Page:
A little too much sales contact?
|Lindsay Chappell is the Mid-South bureau chief for Automotive News|
- Why Victor Muller has painful memories of running Saab
- Why Infiniti, Lincoln face the same challenge
- U.S. and Brazil bright spots for Fiat-Chrysler as Europe declines
- Audi gripes, but Tesla could be en route to niche-brand success
- 2 million extra doors was the best call Daimler made during 'marriage of equals'
Here’s a cautionary case study for car dealers everywhere. And it features me.
The lease on one of my family cars is coming to an end. In December I’ll need to hand over the keys after 36 months. I’ve really enjoyed the car more than I expected. I’ve even been toying with the idea of buying out the lease and keeping it. But here’s the trouble: The factory, the finance company and my local dealer are so clingy that I’m almost tired of dealing with them.
With three months to go before turning in the keys, I have received:
A letter from the factory offering me a new lease if I want to return the car ahead of schedule.
A second letter from the factory telling me that if I want to return the car early, I can start a new lease with no security deposit.
A Saturday morning phone call from the general manager of a local dealership telling me that if I want to return the car early I can have a new lease with no security deposit.
A phone call at home from the captive finance company -- unaware that the dealership had also called me -- telling me that if I want to return the car early I can start a new lease with no security deposit.
A phone call at the office from someone else at the captive finance company telling me I can additionally have $1,000 off the lease closing costs if I come in early -- unaware that both the dealership and someone from the finance company’s call center had already called me.
A phone call at the office from a salesman at the same dealership, unaware that his boss had already called me on a Saturday morning, telling me he was following up on “a request” I had supposedly made to the captive finance arm, but unaware that the finance company had offered me $1,000 off the closing costs.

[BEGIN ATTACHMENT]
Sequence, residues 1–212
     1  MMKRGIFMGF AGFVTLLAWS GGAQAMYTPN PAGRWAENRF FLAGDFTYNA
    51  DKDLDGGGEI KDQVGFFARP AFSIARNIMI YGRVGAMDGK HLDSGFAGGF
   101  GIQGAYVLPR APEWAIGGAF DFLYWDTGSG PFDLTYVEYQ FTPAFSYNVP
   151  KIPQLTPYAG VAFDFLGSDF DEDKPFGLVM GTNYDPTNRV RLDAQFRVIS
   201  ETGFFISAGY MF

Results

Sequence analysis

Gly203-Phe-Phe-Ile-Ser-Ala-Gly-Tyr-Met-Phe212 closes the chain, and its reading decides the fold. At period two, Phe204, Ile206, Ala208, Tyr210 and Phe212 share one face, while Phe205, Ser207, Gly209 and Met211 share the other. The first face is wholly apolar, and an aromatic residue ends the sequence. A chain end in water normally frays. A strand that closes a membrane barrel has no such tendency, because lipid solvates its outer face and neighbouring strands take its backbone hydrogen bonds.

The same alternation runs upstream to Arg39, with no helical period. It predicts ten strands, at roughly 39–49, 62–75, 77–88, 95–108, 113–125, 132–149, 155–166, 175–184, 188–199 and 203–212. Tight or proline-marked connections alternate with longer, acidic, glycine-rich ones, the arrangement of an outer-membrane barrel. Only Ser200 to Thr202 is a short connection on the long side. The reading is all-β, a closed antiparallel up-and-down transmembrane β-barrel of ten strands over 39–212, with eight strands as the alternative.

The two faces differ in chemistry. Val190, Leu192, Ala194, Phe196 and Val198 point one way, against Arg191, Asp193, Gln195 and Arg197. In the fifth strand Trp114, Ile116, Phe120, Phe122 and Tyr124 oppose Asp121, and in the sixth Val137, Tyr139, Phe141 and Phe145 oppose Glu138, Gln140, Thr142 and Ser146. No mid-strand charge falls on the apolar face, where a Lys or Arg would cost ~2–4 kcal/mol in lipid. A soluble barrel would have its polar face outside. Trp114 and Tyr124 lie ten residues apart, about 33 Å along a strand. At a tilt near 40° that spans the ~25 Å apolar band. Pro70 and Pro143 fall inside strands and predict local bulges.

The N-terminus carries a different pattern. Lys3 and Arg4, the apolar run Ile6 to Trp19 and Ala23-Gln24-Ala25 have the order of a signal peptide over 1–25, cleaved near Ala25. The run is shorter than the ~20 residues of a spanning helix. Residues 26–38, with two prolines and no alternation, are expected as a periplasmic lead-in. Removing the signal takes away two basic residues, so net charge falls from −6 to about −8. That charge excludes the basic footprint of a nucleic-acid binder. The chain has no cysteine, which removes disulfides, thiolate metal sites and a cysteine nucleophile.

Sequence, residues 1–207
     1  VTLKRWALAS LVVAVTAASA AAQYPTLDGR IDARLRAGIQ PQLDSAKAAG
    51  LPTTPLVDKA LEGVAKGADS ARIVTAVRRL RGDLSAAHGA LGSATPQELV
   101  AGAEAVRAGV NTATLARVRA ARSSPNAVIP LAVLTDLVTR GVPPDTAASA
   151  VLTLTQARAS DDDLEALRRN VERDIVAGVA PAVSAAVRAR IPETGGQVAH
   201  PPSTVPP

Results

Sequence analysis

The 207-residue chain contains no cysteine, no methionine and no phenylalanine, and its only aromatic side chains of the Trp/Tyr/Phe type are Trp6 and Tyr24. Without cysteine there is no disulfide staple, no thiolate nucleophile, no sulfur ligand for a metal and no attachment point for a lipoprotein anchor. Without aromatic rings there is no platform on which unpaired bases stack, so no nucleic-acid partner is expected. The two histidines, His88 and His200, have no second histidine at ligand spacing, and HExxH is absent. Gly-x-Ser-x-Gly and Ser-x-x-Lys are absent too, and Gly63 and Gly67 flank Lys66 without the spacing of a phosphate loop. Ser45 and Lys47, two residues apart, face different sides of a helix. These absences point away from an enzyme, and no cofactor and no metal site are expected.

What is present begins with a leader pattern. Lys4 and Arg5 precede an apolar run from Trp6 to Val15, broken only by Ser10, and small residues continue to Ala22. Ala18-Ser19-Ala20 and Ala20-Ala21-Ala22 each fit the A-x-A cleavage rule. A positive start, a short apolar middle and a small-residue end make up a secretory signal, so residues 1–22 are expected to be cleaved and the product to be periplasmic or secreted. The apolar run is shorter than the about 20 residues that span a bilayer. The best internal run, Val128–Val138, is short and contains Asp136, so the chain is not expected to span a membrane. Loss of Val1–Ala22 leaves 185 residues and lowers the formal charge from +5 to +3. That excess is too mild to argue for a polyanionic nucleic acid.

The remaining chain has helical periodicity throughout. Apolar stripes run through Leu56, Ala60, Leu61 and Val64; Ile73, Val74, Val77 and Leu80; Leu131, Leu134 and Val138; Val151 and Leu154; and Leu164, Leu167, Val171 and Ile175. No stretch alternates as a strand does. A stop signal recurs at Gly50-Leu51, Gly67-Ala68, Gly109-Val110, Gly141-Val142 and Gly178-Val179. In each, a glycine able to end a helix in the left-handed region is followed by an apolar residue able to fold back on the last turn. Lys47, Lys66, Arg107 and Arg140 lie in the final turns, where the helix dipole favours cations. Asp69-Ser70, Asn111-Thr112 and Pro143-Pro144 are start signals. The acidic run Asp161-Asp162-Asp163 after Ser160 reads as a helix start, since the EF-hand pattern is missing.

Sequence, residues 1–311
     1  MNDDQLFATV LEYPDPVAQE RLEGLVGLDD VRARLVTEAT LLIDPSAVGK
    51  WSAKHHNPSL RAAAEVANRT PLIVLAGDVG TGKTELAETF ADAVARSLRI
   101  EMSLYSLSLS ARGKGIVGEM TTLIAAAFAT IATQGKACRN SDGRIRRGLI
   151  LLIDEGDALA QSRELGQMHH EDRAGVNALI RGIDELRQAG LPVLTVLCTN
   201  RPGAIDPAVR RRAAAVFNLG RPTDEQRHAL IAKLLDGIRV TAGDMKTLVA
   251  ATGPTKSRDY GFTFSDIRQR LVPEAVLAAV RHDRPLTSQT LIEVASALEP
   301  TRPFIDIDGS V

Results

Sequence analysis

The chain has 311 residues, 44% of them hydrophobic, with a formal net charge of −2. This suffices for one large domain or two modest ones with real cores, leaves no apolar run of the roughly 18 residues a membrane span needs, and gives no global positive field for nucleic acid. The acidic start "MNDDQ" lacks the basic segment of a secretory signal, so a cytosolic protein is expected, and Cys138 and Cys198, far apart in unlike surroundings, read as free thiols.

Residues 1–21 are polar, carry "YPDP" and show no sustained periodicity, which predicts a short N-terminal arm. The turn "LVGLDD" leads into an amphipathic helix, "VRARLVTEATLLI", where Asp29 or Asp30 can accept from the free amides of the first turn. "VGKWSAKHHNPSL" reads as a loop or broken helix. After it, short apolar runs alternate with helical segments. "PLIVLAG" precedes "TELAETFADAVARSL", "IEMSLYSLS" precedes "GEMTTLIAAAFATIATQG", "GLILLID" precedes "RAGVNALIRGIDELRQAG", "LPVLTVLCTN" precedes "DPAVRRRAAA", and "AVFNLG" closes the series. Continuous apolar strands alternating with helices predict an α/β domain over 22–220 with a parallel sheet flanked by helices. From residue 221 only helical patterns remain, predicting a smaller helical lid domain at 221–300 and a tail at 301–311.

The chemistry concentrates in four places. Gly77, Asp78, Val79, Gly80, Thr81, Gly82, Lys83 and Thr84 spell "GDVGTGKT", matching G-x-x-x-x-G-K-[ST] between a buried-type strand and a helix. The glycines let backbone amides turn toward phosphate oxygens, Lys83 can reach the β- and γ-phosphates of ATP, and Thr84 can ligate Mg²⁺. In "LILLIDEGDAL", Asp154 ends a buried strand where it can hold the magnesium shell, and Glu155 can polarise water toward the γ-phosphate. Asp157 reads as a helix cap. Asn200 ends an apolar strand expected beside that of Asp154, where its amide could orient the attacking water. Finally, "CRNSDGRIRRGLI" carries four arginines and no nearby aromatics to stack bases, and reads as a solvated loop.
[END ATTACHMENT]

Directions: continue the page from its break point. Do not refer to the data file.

A second phone call from the salesman confirming that the captive’s $1,000 offer was good.
Another phone call on my cellphone during dinner at home from the finance company “following up” on the request I supposedly made to the dealership salesman who had called following up on the request I supposedly made to the finance company.
An e-mail from a woman at the dealership informing me that she had “received my request” and asking whether my e-mail address was a good one to use.
Another phone call at the office from someone else at the finance company, “following up” on the request I allegedly made during the dinner phone call about following up on whatever call that was.
Another e-mail from the woman at the dealership informing me that a salesman was working on my “request” and planning to call me.
Another e-mail from the woman at the dealership telling me again that a salesman was still working on my request and asking me what my phone number is.
And I still have 80 days to go.
I asked the finance company to please stop phoning me at the office, but I suspect that if I hadn’t, this list would be longer still.
I mentioned to the salesman that it seemed like a lot of people fussing over one measly car return. He told me that his dealership simply has a depleted inventory of used vehicles and is eager to restock the lot.
Maybe. But from my end it sounds more like an automaker tripping over its feet to handle a sales lead.
You can reach Lindsay Chappell at firstname.lastname@example.org.